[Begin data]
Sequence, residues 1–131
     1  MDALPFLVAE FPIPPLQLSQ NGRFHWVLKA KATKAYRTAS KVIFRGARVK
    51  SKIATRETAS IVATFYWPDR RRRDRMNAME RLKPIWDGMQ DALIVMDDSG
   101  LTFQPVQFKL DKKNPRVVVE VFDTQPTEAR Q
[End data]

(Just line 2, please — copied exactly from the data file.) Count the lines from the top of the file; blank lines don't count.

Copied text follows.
     1  MDALPFLVAE FPIPPLQLSQ NGRFHWVLKA KATKAYRTAS KVIFRGARVK